If the plaintiff's class allegations are facially and inherently deficient, for example, "a motion to strike class allegations... can be an appropriate device to determine whether [the] case will proceed as a class action." See Bohn, 2013 WL 3975126, at *5; Wolfkiel v. Intersections Ins. Servs. Inc., No. 13 C 7133, 2014 WL 866979, at *4 (N.D. Ill. Mar. 5, 2014); Wright v. Family Dollar, Inc., No. 10 C 4410, 2010 WL 4962838, at *1 (N.D. Ill. Nov. 30, 2010); Muehlbauer v. General Motors Corp., 431 F.Supp.2d 847, 870 (N.D. Ill. 2006). If, on the other hand, the dispute concerning class certification is factual in nature and "discovery is needed to determine whether a class should be certified, " a motion to strike the class allegations at the pleading stage is premature. See Wright, 2010 WL 4962838, at *1; Santiago v. RadioShack Corp., No. 11 C 3508, 2012 WL 934524, at *4 (N.D. Ill. Feb. 10, 2012) (similar); see also Boatwright v. Walgreen Co., No. 10 C 3902, 2011 WL 843898, at *2 (N.D. Ill. Mar. 4, 2011) ("Because a class determination decision generally involves considerations that are enmeshed in the factual and legal issues comprising the plaintiff's cause of action, ... a decision denying class status by striking class allegations at the pleading stage is inappropriate.").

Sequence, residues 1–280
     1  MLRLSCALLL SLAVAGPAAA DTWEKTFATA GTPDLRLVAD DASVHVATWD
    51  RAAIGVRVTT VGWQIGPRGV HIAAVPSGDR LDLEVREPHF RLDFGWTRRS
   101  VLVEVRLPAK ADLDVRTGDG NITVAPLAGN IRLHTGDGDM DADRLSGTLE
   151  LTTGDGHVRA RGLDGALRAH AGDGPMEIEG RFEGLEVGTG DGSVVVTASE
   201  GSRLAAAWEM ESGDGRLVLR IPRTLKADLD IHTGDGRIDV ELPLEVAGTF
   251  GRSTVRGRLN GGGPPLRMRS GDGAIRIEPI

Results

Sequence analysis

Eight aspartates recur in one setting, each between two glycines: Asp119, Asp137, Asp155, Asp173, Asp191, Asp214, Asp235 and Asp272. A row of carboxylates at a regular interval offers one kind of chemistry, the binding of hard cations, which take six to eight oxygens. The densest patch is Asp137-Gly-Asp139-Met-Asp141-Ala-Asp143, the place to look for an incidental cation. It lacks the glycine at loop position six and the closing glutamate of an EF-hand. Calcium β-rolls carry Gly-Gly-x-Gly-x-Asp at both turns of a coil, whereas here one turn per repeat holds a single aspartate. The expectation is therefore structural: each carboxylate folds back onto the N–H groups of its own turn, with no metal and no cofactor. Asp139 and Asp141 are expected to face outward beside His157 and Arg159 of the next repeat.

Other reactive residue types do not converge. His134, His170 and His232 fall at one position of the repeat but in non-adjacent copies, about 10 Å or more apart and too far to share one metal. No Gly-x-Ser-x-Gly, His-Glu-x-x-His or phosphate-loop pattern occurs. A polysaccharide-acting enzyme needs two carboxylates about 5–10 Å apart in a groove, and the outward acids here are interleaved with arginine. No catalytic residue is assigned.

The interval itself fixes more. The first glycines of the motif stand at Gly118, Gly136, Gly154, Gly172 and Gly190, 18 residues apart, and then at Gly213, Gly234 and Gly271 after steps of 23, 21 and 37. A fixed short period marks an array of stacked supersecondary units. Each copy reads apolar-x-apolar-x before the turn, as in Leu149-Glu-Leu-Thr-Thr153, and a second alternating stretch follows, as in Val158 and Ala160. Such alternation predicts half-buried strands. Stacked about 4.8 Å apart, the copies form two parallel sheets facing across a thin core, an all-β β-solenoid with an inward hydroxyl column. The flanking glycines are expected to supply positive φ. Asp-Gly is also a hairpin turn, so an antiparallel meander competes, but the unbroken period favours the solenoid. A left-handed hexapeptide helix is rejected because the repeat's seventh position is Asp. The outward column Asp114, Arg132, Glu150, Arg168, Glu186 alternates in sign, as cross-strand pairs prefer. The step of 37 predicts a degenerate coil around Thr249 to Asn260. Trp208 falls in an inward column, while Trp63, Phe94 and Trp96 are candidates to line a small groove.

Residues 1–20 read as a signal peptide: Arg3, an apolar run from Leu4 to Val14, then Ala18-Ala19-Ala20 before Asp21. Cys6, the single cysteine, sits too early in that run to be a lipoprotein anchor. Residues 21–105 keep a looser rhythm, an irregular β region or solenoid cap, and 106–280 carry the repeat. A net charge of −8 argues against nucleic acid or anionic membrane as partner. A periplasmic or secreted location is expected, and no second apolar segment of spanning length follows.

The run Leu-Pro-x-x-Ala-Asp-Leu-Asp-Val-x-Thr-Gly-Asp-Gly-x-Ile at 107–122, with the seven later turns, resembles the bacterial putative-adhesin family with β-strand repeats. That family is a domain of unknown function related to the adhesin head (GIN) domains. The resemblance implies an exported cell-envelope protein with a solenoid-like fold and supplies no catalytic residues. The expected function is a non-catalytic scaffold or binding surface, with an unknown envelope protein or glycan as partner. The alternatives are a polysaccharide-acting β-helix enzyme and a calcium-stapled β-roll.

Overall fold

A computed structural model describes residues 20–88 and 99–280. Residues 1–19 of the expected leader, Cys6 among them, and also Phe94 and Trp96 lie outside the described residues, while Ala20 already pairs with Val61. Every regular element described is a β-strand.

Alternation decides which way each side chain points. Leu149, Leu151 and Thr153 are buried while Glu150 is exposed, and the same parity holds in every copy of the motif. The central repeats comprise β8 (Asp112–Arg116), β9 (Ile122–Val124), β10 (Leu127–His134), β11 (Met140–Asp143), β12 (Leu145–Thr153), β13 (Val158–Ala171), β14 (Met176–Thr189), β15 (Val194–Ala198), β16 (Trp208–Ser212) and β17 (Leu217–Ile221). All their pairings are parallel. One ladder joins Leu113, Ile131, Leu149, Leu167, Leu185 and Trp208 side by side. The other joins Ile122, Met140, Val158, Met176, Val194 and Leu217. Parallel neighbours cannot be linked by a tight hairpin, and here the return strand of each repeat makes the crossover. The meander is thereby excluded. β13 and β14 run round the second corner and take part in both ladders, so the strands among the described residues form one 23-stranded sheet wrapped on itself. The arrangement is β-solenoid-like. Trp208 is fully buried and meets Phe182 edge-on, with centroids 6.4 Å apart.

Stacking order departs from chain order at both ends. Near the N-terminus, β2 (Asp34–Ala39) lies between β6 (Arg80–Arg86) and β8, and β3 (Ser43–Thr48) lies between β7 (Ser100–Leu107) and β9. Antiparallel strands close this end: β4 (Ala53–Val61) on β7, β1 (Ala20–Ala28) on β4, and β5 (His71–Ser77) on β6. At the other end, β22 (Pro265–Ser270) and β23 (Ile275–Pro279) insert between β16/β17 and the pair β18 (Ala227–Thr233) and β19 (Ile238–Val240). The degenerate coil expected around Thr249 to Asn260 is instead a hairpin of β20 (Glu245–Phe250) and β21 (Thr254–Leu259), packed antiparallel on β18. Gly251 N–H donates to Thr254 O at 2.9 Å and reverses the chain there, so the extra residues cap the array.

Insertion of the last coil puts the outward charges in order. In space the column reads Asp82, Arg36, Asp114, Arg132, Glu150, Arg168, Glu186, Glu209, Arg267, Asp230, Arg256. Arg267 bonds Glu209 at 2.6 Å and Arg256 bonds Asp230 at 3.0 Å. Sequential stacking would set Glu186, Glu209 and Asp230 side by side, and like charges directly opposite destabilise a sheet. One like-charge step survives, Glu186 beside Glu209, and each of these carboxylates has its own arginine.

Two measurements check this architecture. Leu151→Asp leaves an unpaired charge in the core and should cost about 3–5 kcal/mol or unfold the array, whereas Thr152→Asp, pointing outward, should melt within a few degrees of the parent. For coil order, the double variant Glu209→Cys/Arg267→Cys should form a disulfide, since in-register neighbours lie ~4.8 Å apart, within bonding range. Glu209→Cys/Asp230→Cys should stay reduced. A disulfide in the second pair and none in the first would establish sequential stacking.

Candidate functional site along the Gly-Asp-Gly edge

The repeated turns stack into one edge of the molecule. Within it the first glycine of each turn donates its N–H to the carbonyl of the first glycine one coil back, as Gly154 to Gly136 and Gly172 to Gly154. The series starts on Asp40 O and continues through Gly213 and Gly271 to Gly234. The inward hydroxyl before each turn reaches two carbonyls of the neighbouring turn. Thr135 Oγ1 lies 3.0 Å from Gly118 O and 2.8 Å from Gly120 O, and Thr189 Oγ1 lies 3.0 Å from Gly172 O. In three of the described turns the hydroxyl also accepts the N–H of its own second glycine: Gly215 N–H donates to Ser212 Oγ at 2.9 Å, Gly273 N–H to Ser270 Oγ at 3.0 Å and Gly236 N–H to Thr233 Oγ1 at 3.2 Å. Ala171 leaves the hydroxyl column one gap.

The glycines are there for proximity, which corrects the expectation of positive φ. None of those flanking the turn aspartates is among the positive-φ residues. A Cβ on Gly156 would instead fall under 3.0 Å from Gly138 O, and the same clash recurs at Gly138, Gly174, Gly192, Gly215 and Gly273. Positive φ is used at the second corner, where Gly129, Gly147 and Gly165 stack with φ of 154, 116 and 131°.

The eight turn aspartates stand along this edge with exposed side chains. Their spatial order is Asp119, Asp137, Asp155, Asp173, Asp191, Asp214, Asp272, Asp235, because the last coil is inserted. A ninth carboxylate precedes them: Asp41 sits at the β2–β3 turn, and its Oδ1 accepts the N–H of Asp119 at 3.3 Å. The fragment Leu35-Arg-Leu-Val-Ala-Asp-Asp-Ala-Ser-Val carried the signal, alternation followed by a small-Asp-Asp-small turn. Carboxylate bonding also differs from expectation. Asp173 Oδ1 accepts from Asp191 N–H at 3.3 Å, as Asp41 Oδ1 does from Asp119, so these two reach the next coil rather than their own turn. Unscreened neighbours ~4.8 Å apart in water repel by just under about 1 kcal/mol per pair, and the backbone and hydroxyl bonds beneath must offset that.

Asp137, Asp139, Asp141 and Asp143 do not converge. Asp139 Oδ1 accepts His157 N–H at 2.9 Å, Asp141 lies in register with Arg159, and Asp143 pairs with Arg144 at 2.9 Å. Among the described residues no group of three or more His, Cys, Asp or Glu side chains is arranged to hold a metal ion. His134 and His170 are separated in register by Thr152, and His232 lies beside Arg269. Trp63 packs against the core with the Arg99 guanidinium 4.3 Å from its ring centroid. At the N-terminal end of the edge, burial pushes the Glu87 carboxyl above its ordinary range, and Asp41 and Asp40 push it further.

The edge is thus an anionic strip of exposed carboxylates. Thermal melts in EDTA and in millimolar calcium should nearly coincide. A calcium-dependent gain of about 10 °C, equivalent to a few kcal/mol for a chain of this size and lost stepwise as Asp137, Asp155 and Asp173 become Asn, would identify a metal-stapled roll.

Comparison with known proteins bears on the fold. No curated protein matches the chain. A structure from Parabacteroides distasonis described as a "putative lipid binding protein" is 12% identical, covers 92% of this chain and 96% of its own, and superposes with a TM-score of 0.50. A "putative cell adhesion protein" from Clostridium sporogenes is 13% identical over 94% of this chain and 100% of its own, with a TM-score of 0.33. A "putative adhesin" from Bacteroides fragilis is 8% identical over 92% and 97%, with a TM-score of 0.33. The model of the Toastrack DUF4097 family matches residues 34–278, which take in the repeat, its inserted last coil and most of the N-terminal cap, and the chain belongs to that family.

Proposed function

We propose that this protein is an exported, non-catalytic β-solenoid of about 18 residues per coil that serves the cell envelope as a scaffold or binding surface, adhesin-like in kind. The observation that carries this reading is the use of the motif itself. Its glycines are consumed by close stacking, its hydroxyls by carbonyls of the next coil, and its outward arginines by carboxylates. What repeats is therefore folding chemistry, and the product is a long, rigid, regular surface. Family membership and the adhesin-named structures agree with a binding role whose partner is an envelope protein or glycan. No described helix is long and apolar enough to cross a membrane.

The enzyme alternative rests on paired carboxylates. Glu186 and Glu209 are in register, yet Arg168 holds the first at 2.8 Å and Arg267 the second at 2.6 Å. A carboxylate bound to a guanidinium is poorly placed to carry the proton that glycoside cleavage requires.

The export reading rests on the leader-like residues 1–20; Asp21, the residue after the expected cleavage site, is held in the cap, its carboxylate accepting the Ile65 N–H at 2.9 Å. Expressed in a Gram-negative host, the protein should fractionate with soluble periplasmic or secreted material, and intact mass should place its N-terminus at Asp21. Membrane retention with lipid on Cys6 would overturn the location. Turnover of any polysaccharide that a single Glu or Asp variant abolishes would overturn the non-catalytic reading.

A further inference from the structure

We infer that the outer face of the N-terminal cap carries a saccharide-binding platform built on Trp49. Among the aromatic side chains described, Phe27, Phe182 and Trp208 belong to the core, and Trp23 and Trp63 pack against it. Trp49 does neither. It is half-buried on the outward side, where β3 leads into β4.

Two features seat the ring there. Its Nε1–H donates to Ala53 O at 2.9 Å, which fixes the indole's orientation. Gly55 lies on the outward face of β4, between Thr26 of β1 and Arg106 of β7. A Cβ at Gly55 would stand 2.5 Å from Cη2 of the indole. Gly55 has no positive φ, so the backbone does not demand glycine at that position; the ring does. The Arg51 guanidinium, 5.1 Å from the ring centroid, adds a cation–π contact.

To obtain class certification under Rule 23, a plaintiff must satisfy the requirements of Rule 23(a)-numerosity, commonality, typicality, and adequacy of representation-and one subsection of Rule 23(b). See Harper v. Sheriff of Cook County, 581 F.3d 511, 513 (7th Cir. 2009); Oshana v. Coca-Cola Co., 472 F.3d 506, 513 (7th Cir. 2006). In this case, Buonomo seeks class certification pursuant to Rule 23(b)(3) and Rule 23(b)(2). ( See Am. Compl. ¶¶ 40-50.) Rule 23(b)(2) allows class certification where the "the party opposing the class has acted or refused to act on grounds that apply generally to the class, so that final injunctive relief or corresponding declaratory relief is appropriate respecting the class as a whole, " Fed.R.Civ.P. 23(b)(2), and Rule 23(b)(3) allows class certification where "questions of law and fact common to members of the class predominate over any questions affecting only individual members, and... a class action is superior to other available methods for ...